Clark continues to travel extensively for Goldman Sachs. His work is rewarding and provides many opportunities to acquire treasures for his home. Adrienne, Steve, and boys continue to live in Menlo Park, where they did some major renovations to their home during the year. Steve also changed jobs; he now works in marketing for Adflight, which is involved with Internet advertising. Alex is in 2nd grade, and the twins now two and a half. Duc and Chelsea continue to live in Peoria, Arizona, but Duc left American Express to work for Axient Communications in downtown Phoenix. It is challenging and rewarding work for him, for his company is in the forefront of several new Internet developments. Chelsea continues her college studies. Erica is now in her 2nd year of veterinary school at Washington State University, Pullman, having spent an exploratory summer in Thailand, South Africa, and New England.

Stephen still lives with us, but he changed jobs in the spring. He now works for Royal Precision golf company in marketing, a job he enjoys very much. He is also taking classes at the University of Phoenix. Monica lives in Spokane and still looks for her life’s calling. She is in the process of enrolling in a computer school. Bruce spent much of the year on a fish processing boat in the Bering Sea. He plans to re-establish his Thai citizenship and settle there.

Thanks for the opportunity to be in touch. We send you our warmest wishes for all good things in the year ahead.


Loren Yoast ‘25 #39

It has come to our attention that we have not been receiving either Alumni News nor Nu Alpha Phi and Oak Leaf news. Please check our new address and correct your records if necessary. We would very much like to receive all Alumni News and correspondence, and also all Nu Alpha Phi news and the Oak Leaf.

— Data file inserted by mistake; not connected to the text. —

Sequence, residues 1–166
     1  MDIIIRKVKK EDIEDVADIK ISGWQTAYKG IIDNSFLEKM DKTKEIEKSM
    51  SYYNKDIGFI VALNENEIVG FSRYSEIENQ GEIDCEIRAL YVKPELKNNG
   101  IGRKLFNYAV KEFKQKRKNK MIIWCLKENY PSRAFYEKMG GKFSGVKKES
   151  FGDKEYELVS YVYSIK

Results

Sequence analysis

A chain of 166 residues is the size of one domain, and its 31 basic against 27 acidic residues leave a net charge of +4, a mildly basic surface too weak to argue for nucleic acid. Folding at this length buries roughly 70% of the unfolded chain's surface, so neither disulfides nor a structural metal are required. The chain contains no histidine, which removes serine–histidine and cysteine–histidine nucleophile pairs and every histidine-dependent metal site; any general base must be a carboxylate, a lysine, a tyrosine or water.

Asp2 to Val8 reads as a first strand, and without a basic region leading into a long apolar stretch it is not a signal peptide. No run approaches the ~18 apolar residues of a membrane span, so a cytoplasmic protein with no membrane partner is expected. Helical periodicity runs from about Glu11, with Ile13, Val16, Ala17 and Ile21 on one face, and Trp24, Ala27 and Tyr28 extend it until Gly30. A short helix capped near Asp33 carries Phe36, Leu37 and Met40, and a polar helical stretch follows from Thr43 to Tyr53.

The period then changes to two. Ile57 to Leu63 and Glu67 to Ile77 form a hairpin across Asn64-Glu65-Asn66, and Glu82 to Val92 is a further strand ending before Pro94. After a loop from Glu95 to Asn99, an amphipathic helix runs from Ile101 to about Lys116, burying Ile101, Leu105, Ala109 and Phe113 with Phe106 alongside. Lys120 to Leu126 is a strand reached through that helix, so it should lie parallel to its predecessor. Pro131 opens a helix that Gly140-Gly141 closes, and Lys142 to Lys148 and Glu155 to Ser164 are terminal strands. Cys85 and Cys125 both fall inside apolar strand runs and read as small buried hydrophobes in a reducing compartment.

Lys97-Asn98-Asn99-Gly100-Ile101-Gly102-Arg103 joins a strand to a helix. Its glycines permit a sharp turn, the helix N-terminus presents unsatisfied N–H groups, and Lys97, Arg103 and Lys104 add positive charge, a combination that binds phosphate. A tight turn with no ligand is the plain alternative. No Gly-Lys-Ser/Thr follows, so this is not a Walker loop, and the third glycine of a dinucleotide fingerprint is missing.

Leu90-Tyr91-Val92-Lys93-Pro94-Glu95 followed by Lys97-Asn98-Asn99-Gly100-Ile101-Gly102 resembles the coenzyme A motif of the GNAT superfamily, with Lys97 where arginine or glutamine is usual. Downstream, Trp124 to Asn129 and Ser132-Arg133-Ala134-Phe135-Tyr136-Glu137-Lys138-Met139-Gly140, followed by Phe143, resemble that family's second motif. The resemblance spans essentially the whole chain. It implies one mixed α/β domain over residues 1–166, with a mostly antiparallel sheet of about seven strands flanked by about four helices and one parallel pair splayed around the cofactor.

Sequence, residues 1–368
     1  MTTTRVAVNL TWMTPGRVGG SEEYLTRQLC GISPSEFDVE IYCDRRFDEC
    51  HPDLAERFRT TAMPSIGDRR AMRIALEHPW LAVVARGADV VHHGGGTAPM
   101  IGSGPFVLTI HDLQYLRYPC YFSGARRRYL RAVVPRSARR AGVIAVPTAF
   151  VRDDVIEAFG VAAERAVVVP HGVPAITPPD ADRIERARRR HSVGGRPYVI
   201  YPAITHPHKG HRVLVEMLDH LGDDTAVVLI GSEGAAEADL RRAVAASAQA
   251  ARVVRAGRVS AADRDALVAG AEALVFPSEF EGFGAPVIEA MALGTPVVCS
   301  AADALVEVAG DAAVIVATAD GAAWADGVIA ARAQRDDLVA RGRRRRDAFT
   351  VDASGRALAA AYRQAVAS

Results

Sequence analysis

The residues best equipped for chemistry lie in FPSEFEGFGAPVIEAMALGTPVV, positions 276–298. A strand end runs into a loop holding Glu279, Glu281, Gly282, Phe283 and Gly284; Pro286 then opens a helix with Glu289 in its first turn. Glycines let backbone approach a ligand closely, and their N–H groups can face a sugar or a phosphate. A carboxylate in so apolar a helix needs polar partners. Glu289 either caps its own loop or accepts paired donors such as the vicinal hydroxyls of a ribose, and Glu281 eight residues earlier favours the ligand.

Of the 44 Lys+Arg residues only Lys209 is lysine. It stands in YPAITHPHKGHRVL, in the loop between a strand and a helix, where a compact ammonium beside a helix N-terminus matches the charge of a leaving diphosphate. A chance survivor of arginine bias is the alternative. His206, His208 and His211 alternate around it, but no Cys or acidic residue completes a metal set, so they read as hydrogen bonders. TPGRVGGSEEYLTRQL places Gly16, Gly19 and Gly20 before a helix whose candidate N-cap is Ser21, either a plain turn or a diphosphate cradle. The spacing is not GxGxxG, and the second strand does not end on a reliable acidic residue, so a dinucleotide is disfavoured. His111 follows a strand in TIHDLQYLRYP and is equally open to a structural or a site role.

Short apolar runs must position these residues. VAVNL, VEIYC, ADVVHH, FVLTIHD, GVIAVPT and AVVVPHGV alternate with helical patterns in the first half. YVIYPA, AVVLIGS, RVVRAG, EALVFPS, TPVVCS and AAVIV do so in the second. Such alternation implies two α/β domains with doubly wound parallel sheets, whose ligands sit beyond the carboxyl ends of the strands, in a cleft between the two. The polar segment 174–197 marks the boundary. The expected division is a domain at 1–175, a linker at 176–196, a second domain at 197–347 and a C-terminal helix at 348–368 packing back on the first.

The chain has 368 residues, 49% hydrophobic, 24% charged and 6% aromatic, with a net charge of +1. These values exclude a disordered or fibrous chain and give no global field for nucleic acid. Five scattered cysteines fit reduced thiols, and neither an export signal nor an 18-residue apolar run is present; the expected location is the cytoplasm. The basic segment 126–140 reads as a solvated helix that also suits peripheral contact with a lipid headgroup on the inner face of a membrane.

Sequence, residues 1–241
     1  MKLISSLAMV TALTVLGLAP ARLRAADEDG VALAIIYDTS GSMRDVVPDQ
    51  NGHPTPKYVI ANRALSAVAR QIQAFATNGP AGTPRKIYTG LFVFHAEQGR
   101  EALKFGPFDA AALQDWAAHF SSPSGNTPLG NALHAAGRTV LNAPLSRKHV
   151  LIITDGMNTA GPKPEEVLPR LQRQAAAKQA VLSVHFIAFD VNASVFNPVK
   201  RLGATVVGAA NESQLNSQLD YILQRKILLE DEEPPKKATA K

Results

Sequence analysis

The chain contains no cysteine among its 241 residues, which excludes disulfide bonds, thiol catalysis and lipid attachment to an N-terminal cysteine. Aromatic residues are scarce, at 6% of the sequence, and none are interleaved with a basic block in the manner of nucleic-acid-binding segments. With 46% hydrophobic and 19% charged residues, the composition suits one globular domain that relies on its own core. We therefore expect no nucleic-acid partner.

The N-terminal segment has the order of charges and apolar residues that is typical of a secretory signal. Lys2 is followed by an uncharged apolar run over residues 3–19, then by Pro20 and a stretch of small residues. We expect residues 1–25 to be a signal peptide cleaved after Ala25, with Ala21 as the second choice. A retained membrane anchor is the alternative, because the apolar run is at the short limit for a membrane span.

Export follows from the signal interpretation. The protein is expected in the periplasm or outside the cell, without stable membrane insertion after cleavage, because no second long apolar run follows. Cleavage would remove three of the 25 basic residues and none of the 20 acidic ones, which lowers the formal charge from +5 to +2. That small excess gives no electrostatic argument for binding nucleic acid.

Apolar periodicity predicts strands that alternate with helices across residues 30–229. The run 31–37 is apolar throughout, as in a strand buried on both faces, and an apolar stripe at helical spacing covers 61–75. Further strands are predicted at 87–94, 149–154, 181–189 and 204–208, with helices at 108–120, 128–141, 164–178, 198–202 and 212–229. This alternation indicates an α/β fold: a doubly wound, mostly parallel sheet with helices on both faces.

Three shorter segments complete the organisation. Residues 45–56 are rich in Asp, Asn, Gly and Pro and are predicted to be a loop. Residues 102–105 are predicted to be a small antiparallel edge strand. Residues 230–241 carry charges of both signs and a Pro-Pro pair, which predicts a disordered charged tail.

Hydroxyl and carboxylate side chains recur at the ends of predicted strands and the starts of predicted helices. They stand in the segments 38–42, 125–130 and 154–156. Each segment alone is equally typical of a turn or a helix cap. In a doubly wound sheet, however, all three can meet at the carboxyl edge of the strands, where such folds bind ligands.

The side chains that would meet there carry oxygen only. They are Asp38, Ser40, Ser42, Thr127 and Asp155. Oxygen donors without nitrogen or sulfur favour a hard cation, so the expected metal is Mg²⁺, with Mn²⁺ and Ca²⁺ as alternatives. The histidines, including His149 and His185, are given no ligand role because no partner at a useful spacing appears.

Thank you,

Sam Oglesby ‘64 #587

[Sent dues and back dues and made cabin, Wash, and Memorial Scholarship fund donations.]

Dear Fellow Nappies,

I have started my fourth career as an associate clinical professor, University of Southern California School of Dentistry, Department of Endodontics. Hand problem forced my retirement from clinical practice. My wife (Jane Rowan ‘67) ran my office for me and is looking forward to her leisure time. I was bored after a month.

Our older daughter Jane is getting her Ph.D. at Stanford, thesis defense next month, and is looking for a job. Younger daughter Katheryn (‘97) is working with autistic children and pursuing Special Ed. Credentials and a Masters Degree at Chapman University.

Regards to all,

Harold R. Stromsen ‘38 #190

[Sent dues, back dues, and cabin and general fund donations.]

Nu Alpha Phi Oak Leaf,